I found out this week that this photo won an honorable mention in a photo contest that I entered it in:
ISO 800 4mm 0ev f/2.7 1/50
I titled this one, Siblings, it was taken last spring as part of a series of images I took of a the nest that was just outside our kitchen window. This particular image was taken with my point and shoot camera. I then cropped it and sharpened it in Photoshop. To be honest, I did minimal post editing with this photo because I thought that the picture told the story without anything added to it.
I was pleased to have won with this photo, it seems like quite an achievement to me considering the quality of competition that my camera club offers. Let me know what you think in the comments.
If you have been following my robin’s nest story, this is an update that I will tell you right now is not all good news, in fact there is very little good news. I just thought that I would put that out there first so that you can click away if you would like.
Here are the five healthy hatches on Thursday morning:
ISO 800 4mm 0ev f/2.7 1/200
On Friday morning a few of the birds had their eyes open:
ISO 800 4mm 0ev f/2.7 1/250
It was Saturday when we first noticed the falcon, or Cooper’s Hawk? I say falcon, but the truth is we are still debating which type of bird this is that is preying on the robins. We were working in the yard and the birds around started going nuts. We looked around and saw the falcon on the corner of our roof. The robins and a few blackbirds chased it off and everything calmed down.
This afternoon we were again outside when we again heard the birds and saw the falcon. My oldest child got this video of the falcon attacking the robin nest:
Here is the nest moments later:
ISO 800 4mm 0ev f/2.7 1/640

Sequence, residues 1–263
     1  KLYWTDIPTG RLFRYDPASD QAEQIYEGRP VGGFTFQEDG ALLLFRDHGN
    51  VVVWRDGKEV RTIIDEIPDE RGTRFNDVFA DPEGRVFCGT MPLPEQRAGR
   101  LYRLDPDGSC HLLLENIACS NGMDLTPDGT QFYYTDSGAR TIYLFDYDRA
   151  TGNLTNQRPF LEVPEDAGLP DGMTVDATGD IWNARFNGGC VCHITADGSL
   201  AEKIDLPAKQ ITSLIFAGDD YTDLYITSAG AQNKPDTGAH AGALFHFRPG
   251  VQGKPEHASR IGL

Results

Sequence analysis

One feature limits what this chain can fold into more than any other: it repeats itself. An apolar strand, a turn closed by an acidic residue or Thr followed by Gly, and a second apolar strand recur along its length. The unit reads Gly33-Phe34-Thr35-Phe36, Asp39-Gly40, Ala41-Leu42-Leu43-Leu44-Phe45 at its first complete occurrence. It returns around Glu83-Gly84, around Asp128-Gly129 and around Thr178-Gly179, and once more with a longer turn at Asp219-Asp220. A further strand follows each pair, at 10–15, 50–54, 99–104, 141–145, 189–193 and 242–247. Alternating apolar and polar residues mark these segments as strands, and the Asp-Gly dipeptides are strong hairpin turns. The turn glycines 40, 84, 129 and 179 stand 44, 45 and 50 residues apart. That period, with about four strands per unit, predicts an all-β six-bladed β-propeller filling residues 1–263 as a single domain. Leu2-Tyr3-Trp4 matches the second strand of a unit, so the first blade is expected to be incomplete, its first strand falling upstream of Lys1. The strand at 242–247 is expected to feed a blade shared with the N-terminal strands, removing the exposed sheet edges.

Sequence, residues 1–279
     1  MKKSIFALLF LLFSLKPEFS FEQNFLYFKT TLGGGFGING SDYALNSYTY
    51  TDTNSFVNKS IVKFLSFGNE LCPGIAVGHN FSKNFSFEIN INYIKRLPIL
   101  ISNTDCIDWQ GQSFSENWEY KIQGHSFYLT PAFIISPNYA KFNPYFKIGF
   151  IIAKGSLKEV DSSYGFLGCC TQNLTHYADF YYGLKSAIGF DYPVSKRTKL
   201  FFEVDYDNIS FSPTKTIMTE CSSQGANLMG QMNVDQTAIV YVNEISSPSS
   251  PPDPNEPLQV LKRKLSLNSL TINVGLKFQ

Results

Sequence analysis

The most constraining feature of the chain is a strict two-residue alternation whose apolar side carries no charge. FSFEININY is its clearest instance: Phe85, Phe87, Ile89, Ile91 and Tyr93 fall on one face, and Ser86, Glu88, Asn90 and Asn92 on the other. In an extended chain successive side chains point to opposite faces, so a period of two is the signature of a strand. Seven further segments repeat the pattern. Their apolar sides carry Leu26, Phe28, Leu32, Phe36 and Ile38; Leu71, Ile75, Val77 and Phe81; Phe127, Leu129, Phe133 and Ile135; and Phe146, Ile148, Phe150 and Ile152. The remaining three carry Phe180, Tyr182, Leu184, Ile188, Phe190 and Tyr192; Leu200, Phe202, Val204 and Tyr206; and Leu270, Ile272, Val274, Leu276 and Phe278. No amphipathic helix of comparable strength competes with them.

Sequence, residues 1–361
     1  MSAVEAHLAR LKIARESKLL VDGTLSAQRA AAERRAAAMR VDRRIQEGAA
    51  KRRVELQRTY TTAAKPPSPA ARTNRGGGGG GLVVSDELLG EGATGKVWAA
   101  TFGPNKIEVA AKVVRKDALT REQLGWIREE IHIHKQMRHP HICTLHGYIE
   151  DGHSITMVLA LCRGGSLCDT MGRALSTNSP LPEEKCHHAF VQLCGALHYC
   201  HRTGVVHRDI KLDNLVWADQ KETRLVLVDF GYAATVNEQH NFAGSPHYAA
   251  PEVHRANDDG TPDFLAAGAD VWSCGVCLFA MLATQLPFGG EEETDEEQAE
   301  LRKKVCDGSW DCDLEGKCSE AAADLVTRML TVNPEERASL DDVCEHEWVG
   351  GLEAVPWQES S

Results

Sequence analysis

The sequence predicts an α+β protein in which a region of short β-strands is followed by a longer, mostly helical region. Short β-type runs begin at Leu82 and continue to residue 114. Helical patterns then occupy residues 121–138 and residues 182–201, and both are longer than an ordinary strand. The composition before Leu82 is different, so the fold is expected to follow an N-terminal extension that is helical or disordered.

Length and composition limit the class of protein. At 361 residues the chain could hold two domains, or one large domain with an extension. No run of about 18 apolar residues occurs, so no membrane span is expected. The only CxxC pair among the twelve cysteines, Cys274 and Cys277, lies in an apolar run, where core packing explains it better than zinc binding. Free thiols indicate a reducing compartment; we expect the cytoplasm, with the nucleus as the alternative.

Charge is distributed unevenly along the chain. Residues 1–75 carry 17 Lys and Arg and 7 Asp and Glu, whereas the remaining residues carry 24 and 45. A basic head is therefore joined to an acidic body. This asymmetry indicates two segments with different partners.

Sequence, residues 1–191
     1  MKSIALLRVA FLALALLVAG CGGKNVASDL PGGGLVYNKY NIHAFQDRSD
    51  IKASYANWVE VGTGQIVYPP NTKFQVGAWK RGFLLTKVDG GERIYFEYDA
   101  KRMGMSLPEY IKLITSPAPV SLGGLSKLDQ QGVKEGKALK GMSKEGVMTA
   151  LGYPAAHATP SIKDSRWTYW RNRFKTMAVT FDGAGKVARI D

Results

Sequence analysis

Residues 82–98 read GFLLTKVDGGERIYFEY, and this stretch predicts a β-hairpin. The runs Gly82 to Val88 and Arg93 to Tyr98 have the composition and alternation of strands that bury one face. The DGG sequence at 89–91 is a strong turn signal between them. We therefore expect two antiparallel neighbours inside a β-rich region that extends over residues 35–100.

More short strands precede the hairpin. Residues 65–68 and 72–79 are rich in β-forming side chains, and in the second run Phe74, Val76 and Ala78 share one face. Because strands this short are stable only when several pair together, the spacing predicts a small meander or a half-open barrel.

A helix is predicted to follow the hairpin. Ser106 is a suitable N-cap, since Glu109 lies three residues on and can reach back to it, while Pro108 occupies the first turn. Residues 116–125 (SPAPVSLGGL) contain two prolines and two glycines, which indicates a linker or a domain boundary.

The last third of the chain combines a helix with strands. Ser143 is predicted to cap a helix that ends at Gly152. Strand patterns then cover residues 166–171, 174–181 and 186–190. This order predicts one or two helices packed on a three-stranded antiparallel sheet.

This robin could not have been any flatter or more still. It was our guess that the falcon took one baby at this time. It is not clear what happened to the three unaccounted for birds. Sometime between Friday morning and Sunday afternoon they went missing.
Then the adult robins came back:
ISO 320 50mm 0ev f/5.6 1/200
Half an hour later here is the nest again:
ISO 800 4mm 0ev f/8 1/200
Empty. I had my Canon 50D set up during the time that the last bird went missing. My pictures do not shed any light on what happened to the baby. We also had a window open and didn’t hear anything. Did the adults relocate the last baby? At this point, that is what we suspect, so we go looking. We notice an adult bird flying low into our hedgerow and we find the surviving baby. When the adult leaves, I get a photo in the hedgerow:
ISO 800 50mm 0ev f/5.6 1/50 flash used
I left the hedgerow and so did the robin, so I got this picture also:
ISO 640 50mm 0ev f/5.6 1/200
I told the robin to get back into the hedgerow, but more convincing was the fact that the adult robins came back and told the baby in no uncertain terms that it was to get back into the hedgerow. So it did.
Well, I will be keeping an eye out for this little baby. Our hedgerow is about the best place it could be right now, but until it can fly, it is still pretty vulnerable. I will take pictures and write an update if I have anything further.
If you are new to this story, here are the other posts:
The story begins here and I explain how I am getting the pictures. The first update with five hatchlings is here. The second update featuring a very crowded nest is here.